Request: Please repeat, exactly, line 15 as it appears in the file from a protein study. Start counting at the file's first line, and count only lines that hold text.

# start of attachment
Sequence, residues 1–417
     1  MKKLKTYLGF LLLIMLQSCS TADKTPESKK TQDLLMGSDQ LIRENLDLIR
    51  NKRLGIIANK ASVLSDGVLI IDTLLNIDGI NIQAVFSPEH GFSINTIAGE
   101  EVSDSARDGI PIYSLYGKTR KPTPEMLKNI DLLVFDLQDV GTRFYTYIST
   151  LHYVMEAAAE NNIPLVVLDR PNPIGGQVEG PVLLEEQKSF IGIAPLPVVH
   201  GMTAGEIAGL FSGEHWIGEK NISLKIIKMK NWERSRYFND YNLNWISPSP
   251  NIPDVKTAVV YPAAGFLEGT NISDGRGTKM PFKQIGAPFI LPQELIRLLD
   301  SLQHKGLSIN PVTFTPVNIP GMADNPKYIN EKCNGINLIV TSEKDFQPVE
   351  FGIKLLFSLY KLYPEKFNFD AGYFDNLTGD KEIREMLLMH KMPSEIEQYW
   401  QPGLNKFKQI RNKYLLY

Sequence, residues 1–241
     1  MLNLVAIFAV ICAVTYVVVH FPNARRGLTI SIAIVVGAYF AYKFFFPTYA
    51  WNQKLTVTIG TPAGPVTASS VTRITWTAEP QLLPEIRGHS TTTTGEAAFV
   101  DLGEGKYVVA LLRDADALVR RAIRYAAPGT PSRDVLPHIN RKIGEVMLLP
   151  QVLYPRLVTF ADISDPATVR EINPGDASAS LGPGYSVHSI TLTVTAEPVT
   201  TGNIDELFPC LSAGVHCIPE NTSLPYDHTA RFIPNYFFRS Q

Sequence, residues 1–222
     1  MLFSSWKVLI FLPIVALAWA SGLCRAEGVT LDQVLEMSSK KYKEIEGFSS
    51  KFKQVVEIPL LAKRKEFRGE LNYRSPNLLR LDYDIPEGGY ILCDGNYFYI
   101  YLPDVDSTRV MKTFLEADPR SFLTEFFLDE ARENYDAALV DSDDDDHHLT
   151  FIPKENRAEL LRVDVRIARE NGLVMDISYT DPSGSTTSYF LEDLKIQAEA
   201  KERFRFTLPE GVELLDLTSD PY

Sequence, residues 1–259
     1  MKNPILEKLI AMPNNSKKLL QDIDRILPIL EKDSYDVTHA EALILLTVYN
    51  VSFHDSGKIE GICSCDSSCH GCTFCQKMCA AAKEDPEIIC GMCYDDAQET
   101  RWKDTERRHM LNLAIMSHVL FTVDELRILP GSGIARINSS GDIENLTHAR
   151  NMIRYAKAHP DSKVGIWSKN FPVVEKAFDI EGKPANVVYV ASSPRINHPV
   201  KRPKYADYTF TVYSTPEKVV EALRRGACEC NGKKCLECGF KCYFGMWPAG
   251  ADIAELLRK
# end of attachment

   151  QVLYPRLVTF ADISDPATVR EINPGDASAS LGPGYSVHSI TLTVTAEPVT